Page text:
A single cup of green beans has around one-third of your daily required folate consumption, a B vitamin essential for the growth and development of unborn infants. The vitamin aids in the prevention of some birth abnormalities. Pregnant women need more folate than non-pregnant women. Whereas most individuals need 400mcg per day, pregnant women require 600mcg, and nursing mothers require 500mcg.

13. Promoting Strong Bones:

Green beans are rich in vitamin K and have a moderate quantity of calcium. These nutrients are essential for keeping strong, healthy bones and lowering the risk of fractures.

14. Anemia Aid: Overcoming Iron Deficiency with the Nutritional Power of Green Beans.

Iron is a component of red blood cells, which carry oxygen from the lungs to all other cells in your body. Anemia, which is characterized by tiredness, weakness, and lightheadedness, may be caused by a lack of iron. Green beans are a good source of plant-based iron that may help you acquire the amount you need to prevent anemia. The nutrition of green beans supports a strong immune system, thanks to their vitamin C content.

15. Anti-Aging Effects:

Green beans are a great addition to your diet if you want to maintain a youthful and healthy appearance of your skin. Green beans are a great source of vitamin C and also include plenty of antioxidants to help shield your skin from the sun’s rays. This vitamin promotes the synthesis of collagen, a key structural protein in maintaining the skin’s suppleness and firmness.

So, if you want a cheap and simple strategy to combat wrinkles and other aging indicators, try eating more green beans. They make you seem younger.

If you want healthy, young skin, eat green beans. Green beans are a great source of vitamin C and also include plenty of antioxidants to help shield your skin from the sun’s rays. This vitamin promotes the synthesis of collagen, a key structural protein in maintaining the skin’s suppleness and firmness.

So, if you want a cheap and simple strategy to combat wrinkles and other aging indicators, try eating more green beans.

16. Stamina Boost:

The iron content of green beans is almost double that of spinach. To carry oxygen from the lungs to the cells throughout the body, iron is a necessary component of red blood cells. Green beans are the miracle meal you need if you have anemia, poor energy, or slow metabolism.

17. Antioxidant Defense: Shielding Against Free Radical Damage with Nutrient-Rich Green Beans.

Antioxidants in green beans neutralize free radicals, which might otherwise cause harm. When oxygen reacts with certain molecules, it may release free radicals, which are atoms or groups of atoms with an uneven (unpaired) amount of electrons. These chemicals may form chains that damage key biological components and destroy them.

Heart problems and malignancies might potentially develop as a result. The body possesses an antioxidant defense mechanism to stop free radical damage. Green beans’ antioxidants protect. According to Healing Food, lutein, beta-carotene, violaxanthin, and neoxanthin have antioxidant levels comparable to carrots.

18. Detoxification Support:

The high diuretic content of green beans makes them an excellent detox food for cleansing the body of impurities.

19. Fertility and Maternity: Harnessing the Nutritional Benefits of Green Beans for Reproductive Health.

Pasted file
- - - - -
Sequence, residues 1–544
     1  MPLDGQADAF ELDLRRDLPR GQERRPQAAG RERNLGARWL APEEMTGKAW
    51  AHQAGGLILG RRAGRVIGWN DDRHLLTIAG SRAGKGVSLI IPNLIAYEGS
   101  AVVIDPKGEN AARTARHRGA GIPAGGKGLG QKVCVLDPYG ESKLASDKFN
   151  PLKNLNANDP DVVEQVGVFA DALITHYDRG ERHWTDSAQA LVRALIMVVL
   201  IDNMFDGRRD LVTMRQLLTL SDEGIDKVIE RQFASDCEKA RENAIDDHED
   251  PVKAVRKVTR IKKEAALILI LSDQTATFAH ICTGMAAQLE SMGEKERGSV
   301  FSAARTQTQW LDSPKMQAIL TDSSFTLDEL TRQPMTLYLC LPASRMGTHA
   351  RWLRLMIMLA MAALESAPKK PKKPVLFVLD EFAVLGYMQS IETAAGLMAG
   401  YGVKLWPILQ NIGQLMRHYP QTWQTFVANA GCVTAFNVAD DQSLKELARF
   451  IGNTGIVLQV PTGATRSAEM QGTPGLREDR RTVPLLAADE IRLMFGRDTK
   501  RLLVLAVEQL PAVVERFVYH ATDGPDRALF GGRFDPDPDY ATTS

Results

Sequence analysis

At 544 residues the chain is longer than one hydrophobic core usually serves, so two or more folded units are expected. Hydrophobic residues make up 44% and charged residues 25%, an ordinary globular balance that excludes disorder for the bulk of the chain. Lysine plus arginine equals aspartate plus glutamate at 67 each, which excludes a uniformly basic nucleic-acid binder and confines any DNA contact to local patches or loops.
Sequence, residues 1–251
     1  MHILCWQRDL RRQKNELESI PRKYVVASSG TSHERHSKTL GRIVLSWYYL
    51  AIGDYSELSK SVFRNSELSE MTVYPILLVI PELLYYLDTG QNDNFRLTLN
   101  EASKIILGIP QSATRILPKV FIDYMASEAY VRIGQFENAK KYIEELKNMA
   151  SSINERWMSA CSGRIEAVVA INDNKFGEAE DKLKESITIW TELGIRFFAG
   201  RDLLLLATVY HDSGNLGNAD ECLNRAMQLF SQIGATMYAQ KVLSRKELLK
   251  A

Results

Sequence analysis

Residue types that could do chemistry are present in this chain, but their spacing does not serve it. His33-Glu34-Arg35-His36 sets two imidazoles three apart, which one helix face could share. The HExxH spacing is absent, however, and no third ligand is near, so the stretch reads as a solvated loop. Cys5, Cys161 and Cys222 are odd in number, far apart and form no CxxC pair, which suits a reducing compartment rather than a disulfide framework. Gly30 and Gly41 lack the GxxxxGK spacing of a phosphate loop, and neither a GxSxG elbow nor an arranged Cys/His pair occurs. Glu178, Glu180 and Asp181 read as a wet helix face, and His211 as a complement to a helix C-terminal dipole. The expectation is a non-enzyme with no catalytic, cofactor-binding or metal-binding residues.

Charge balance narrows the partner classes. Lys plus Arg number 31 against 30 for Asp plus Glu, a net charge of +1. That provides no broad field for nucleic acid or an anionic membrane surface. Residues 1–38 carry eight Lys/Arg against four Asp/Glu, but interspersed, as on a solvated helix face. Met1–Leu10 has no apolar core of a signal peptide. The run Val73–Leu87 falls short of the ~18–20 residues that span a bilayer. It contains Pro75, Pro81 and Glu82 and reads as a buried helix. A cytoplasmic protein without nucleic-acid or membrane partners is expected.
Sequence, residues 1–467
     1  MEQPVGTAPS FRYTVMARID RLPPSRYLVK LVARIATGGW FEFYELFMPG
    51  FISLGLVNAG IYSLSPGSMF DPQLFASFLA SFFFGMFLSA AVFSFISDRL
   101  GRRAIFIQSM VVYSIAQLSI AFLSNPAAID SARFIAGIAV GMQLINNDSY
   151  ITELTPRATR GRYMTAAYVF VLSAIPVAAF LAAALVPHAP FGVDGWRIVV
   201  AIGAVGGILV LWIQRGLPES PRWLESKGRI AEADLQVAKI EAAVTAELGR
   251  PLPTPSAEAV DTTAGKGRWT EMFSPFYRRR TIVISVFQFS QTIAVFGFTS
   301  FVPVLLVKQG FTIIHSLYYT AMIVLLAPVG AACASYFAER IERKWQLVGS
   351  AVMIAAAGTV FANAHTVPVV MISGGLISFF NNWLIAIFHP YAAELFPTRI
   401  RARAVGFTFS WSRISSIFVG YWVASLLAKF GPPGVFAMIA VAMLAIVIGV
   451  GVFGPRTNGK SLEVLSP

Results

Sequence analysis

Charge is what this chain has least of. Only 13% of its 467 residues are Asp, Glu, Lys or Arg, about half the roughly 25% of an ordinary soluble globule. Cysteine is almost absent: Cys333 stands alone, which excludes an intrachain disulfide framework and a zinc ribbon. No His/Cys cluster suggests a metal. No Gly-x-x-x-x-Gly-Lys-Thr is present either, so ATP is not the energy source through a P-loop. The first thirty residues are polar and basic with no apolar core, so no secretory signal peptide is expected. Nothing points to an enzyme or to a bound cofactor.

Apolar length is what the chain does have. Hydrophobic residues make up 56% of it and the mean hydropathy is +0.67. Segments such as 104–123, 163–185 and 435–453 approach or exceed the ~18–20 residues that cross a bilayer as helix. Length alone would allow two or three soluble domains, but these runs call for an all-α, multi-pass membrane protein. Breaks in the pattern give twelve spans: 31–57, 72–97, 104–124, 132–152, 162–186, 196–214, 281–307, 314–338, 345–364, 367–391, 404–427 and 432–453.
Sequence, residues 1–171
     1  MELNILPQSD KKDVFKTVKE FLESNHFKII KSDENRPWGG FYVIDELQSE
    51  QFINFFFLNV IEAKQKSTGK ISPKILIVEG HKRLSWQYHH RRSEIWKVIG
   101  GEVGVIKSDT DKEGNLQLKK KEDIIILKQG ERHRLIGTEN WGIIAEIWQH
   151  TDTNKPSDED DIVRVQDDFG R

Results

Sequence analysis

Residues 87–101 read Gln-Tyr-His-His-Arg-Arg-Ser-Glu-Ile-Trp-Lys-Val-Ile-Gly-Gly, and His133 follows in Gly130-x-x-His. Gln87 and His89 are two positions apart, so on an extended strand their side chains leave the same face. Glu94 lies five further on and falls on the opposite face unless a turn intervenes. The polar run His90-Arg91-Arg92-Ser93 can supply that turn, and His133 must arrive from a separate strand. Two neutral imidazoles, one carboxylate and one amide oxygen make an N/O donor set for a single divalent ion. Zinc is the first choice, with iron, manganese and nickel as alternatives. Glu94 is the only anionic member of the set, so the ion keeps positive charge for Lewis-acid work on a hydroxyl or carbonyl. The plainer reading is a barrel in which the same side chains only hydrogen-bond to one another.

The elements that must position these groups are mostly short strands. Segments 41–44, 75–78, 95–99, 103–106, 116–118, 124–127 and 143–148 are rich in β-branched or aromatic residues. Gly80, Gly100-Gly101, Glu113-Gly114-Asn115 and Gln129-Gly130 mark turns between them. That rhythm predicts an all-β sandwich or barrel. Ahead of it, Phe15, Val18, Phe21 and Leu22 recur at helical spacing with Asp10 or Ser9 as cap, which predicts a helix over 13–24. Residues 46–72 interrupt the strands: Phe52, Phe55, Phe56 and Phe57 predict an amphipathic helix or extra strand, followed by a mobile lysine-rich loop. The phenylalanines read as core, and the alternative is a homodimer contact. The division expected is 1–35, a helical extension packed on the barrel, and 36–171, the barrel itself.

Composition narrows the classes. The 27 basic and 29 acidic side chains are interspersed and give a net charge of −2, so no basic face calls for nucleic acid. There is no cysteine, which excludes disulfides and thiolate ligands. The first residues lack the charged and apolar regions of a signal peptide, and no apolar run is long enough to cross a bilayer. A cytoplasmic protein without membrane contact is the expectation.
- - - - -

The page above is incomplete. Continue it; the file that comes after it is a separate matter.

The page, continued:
Harvard Medical School has connected the high iron content of beans to an increase in female fertility.
Harvard Medical School that pregnant women get iron from spinach, beans, pumpkin, and green beans. Researchers have shown that a woman’s fertility is strongly tied to her dietary consumption, particularly iron.

When ingested alongside vitamin C-rich foods, such as tomatoes, bell peppers, or berries, iron absorption is increased. Folic acid must be present in sufficient quantities during pregnancy to avoid neural tube birth defects. One cup of green beans provides 10% of the necessary folic acid and 6% of the daily iron needs.

20. FODMAP-Friendly Option:

FODMAPs, undigested carbohydrates metabolized by stomach bacteria, cause gas, abdominal pain, diarrhea, and constipation, according to the Cleveland Clinic. FODMAP-rich meals may worsen acid reflux and IBS. Your stomach issues may become a lot better if you eat low-FODMAP meals.

Green beans are a low-FODMAP meal that many individuals with ongoing digestive problems can eat. Green beans are a good option for those with diabetes because of their nutritional composition.

Important Factors to Consider:

Green beans need numerous considerations:

1. Vitamin K and Blood Thinners:

If you use blood thinners such as warfarin, consult your doctor before including green beans in your diet. The beans’ vitamin K level may interact with your medicine, influencing how your blood clots. The nutrition of green beans plays a role in maintaining healthy blood sugar levels.

2. Lectins in Green Beans:

Lectins are proteins found in a variety of beans, including green beans. While they offer certain advantages, they may also induce intestinal distress. Green beans must be fully cooked to deactivate lectins.

3. Phytic Acid in Green Beans:

Certain minerals may bond with phytic acid, preventing your body from absorbing them. If you have a mineral deficit, consult your doctor before including green beans in your meal.

4. Canned Green Beans and Sodium: Monitoring Nutritional Content for Sodium Intake.

While green beans are typically low in sodium, certain canned types include salt. Excessive salt consumption might raise your risk of high blood pressure and heart disease. If you buy canned beans, be sure you properly rinse them to eliminate any extra salt.

How to Cook Green Beans.

Green beans are a very adaptable legume. You may find them fresh in the fruit department, frozen in the freezer section, or even canned. The nutrition of green beans includes essential minerals like manganese and magnesium. Green beans are a versatile ingredient that can be incorporated into various dishes for added nutrition. Here are some prominent preparation methods:

1. Wash the green beans under running water.
2. Trim off the ends of the beans.
3. Bring a pot of water to a boil and add salt.
4. Add the green beans to the boiling water.
5. Cook for about 4-5 minutes until crisp-tender.
6. Prepare a bowl of ice water.